Getting to grips with an allotment - one year on

Getting to grips with an allotment is a daunting prospect. This week marks one year since we took on ours. In reality, it's probably 8 months since we really started getting on top of things.

Taking on an Allotment - How it Was

Taking on an allotment

So we took on a bit of a challenge. To put it mildly.

There was one sort-of bed with some old strawberry plants in it, half a broken 'cage' with stinging nettles inside and a blue drum for catching water. That's it. Oh except we also had lots of couch grass, marestail, bindweed and all those other things that strike fear into the hearts of any allotment holder, even if you don't know what they are (which we didn't). We just knew that people shook their heads when you mentioned them. On the right of this picture you can see a wire fence, with a couple of fruit trees on the half plot next door. That plot is now ours too and the fence is gone for we are, it seems, gluttons for punishment.

At this stage we weren't familiar with the 'No Dig' method which Charles Dowding has been using for 30 years. Once we worked that out, life got considerably easier. More on that another day.

How it is now

Allotment after 1 year

Today we're reflecting on all the amazing things this space has produced for us. Given that we had absolutely no idea what we were doing, it is incredible what has grown in such a short time.

Don't get me wrong, it's been a lot of work. Andy has done the real heavy duty hard graft, I've done the less physically demanding stuff. In June we were offered the half plot next door. We'd gazed at its pear tree laden with fruit the previous autumn. So we jumped at the chance to have it. The tree didn't produce anything this year (gah) but hey, that's life. It's still great to have expanded the growing space, and we'll probably be overrun with pears next year.

What we grew

Over 12 months this space has given us (and this is not an exhaustive list): cabbages, chard, lettuce, rocket, gem squash, butternut squash, runner beans, strawberries, aubergines, raspberries, blackcurrants, red currants, white currants, pink currants, sweetcorn, wild strawberries, broad beans, pumpkins, garlic, mangetout, peas, marrows, rocket, red cabbage, tomatoes, nasturtiums, scallop squash, cucumbers, figs, apples, cherries, plums, blackberries, red onions, yellow onions, spring onions, radish, peppers, courgettes, leeks, potatoes, chili peppers and french beans. I kid you not. Here are some of those beauties in all their glory.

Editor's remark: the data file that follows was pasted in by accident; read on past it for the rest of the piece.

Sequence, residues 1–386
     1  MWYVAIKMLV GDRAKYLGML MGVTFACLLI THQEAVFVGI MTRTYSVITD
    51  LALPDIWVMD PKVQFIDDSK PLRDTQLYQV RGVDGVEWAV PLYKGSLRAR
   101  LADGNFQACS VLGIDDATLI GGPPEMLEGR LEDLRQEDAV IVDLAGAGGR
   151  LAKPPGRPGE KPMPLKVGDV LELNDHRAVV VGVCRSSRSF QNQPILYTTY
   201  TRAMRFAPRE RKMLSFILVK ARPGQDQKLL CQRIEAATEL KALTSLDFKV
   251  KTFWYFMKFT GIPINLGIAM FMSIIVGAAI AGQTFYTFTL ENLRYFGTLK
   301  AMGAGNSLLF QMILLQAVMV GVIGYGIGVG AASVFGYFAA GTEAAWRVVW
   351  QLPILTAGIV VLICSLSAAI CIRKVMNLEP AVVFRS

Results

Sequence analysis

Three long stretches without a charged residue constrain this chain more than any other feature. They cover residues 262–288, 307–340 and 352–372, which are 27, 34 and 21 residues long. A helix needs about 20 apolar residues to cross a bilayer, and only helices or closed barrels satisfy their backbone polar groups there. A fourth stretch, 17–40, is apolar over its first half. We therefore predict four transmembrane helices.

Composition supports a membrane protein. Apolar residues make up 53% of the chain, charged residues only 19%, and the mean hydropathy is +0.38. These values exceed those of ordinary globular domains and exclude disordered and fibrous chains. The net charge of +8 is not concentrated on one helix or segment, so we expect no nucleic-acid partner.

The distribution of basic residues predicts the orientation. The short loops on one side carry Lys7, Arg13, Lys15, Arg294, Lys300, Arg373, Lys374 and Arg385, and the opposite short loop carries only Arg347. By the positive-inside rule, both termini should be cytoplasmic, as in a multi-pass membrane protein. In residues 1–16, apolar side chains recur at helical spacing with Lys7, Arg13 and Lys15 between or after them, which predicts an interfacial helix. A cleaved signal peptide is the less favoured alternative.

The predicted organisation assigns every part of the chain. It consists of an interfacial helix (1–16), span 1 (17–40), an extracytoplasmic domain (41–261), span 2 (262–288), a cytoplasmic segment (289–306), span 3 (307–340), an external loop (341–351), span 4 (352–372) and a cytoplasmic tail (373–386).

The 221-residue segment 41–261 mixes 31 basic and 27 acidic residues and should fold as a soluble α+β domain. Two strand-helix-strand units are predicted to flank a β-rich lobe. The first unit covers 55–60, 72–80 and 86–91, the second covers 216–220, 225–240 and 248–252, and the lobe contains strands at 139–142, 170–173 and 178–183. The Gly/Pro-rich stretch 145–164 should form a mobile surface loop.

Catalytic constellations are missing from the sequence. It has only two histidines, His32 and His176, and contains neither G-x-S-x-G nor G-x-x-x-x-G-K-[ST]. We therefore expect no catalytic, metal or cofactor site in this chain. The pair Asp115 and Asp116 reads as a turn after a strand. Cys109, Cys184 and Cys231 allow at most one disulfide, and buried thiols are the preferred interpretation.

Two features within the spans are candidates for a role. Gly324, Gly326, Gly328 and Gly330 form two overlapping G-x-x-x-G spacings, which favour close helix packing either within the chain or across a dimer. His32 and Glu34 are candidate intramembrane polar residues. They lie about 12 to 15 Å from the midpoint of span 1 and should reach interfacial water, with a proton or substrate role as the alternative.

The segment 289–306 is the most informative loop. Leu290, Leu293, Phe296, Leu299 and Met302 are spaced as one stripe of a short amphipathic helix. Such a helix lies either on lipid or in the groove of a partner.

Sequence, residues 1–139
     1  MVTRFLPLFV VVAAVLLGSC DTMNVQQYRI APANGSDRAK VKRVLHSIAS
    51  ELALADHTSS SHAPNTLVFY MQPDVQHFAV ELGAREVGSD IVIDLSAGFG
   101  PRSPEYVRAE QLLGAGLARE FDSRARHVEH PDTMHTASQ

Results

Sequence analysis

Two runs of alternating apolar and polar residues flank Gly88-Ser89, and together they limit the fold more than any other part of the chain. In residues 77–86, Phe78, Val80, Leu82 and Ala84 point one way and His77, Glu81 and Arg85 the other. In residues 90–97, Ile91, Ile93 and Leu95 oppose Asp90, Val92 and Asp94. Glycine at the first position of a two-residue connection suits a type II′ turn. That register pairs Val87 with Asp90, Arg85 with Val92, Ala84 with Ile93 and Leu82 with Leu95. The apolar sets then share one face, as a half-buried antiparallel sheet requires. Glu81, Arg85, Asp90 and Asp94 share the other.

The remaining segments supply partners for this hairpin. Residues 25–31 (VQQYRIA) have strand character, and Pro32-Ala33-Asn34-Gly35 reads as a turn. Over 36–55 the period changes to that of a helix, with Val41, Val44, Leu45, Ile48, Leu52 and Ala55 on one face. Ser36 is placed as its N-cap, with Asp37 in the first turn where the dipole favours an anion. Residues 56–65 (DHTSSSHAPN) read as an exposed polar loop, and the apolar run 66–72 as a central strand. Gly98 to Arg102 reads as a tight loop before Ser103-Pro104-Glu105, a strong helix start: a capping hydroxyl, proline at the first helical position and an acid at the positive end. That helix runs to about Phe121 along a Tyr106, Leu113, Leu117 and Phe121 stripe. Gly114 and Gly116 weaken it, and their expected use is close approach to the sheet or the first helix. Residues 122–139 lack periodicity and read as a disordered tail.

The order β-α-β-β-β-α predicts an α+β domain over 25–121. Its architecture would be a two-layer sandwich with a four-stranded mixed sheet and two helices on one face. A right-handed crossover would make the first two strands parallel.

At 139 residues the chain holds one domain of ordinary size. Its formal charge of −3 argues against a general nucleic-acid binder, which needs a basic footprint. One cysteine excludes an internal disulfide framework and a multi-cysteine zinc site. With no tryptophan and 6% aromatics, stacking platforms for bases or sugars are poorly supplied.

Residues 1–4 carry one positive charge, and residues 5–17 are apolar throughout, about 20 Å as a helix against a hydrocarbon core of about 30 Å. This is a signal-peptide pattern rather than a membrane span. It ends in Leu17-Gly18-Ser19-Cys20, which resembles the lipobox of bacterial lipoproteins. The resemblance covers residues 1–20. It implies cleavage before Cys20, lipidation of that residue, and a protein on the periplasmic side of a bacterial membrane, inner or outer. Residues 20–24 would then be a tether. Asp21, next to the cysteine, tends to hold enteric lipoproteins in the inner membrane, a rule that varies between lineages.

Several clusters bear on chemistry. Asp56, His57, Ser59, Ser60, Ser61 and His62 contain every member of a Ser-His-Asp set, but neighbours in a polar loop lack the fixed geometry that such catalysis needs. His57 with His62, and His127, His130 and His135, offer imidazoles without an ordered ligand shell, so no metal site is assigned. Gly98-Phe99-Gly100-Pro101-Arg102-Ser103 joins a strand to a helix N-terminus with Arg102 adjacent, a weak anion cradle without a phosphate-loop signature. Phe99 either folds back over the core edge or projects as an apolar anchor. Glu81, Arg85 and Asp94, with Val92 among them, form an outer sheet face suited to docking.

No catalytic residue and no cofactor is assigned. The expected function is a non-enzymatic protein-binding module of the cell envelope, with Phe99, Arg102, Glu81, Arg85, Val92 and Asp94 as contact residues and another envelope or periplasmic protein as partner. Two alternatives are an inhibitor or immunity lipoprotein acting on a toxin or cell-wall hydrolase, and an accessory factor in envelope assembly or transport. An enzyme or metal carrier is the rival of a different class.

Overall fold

Allotment produce

Many of these we'd never grown before, most we grew from seed for pennies from seeds bought cheaply on Ebay. We had no plan at all, we just kept chucking everything at it. Any seeds I had or found, I grew. Some of them were well past their use by date, they grew anyway.

Fortunately I only planted one or two plants of most things so we didn't have a glut of anything except marrows (like everyone else, seemingly). And gem squash... my single plant grown from seed produced 34 gem squash, with the 34th being picked only today! Luckily we love gem squash and, once we've seasoned them, they'll last in our cellar through the winter.

We had some failures. Our potatoes got blight and we only managed to salvage a few of them. A lot of our sweetcorn was eaten by who-knows-what. The tomatoes outside the polytunnel also got blight. The cauliflowers bolted. Our borlotti beans and carrots never got going. Those will be our challenges for next year.

What we spent

So here's the thing. We have spent very little money on this allotment over the 12 months we've had it. Our polytunnel was donated by someone who didn't want it anymore. We inherited a large amount of weed suppressant sheeting which was already there, so we only bought one smaller suppressant membrane on Ebay.